The army of the Republic of China brutally repressed this uprising. After they took back control of Kaohsiung (Taiwan’s second largest city), they brutally punished the residents. The KMT also rounded up many intellectuals, even ones who were not part of the uprisings, and executed them, lest they form an independent government. Tens of thousands of people were murdered this way. The forces of the uprising were driven deeper and deeper into the mountains, until finally, they were defeated. After this, the KMT imposed martial law on Taiwan.
Meanwhile, the KMT was losing the Chinese Civil War, and eventually their army (as well as well as many Chinese citizens) had to retreat to the islands of Hainan, Kinmen, Matsu, Zhoushan, and Taiwan. Then the islands of Hainan and Zhoushan also fell to Chinese Communist control, leaving only Kinmen, Matsu, and Taiwan under the control of the Republic of China.
In the epilogue, the manhua mentions that martial law was finally lifted in 1987, and ends with an image of Lee Teng-hui, then president of the Republic of China and leader of the KMT, officially apologizing in 1995 for the 2/28 incident and offering compensation to the victims’ families.
So, how does this work as a comic book?
This manhua is only about 150 pages long, so it has to simplify things and leave some aspects of the “2/28 Incident” unexplored. I’m okay with that, since it’s intended to be an accessible introduction, not a thorough account.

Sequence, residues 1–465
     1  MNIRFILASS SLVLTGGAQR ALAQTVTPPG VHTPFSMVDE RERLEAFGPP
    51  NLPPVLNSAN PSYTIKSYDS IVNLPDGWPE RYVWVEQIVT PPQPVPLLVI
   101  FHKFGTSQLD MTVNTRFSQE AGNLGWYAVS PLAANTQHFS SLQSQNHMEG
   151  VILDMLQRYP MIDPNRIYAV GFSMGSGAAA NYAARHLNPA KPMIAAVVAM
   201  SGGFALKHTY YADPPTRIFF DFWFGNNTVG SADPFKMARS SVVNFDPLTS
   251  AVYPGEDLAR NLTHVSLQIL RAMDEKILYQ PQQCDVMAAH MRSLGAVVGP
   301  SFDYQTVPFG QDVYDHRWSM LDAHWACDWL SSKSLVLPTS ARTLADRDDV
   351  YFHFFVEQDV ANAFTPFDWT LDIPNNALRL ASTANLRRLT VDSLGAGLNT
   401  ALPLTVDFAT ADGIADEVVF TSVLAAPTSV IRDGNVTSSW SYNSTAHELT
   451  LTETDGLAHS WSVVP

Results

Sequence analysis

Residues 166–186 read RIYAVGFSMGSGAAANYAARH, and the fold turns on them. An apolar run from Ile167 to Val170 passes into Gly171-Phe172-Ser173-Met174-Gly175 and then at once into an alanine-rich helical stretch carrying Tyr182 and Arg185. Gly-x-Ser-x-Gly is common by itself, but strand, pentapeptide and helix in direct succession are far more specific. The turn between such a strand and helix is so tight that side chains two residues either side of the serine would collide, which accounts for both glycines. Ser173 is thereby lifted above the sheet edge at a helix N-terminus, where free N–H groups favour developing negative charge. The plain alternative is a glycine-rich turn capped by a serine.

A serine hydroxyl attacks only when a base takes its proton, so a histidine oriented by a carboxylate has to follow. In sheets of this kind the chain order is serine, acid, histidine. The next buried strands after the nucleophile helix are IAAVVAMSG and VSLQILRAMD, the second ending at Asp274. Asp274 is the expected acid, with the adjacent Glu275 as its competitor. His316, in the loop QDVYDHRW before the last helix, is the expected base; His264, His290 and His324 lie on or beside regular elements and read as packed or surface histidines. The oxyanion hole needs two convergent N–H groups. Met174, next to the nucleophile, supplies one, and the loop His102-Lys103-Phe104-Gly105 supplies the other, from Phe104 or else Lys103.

In my first draft, I expressed my discomfort with the way the Chinese are depicted as two-dimensional villainous caricatures, not because I excuse their crimes (the looting, corruption, rape, and murder are inexcusable), but because it rings false—all of those heinous crimes were committed by people. However, upon reflection, I realize that from the victims’ point of view, they may very well have been caricature villains, and the manhua is primarily interested in the victims’ perspective.
However, I still think the lack of personalization of the Taiwanese people makes the story feel too dry and didactic. Since this is a story of many people, focusing on a few characters would also be artificial on its own way, but I think the manhua would have benefited from putting a little more emphasis on individual stories instead of mostly telling the story from the point of view of the masses. Comic books draw strength by appealing to feeling, and the best way to draw feeling is to tell stories of individual people.
There is a Taiwanese family which plays the role of Greek chorus but … something about them feels too didactic to me.
The closest the manhua comes to showing the Chinese point of view is the inclusion of a political cartoon from a Shanghai newspaper.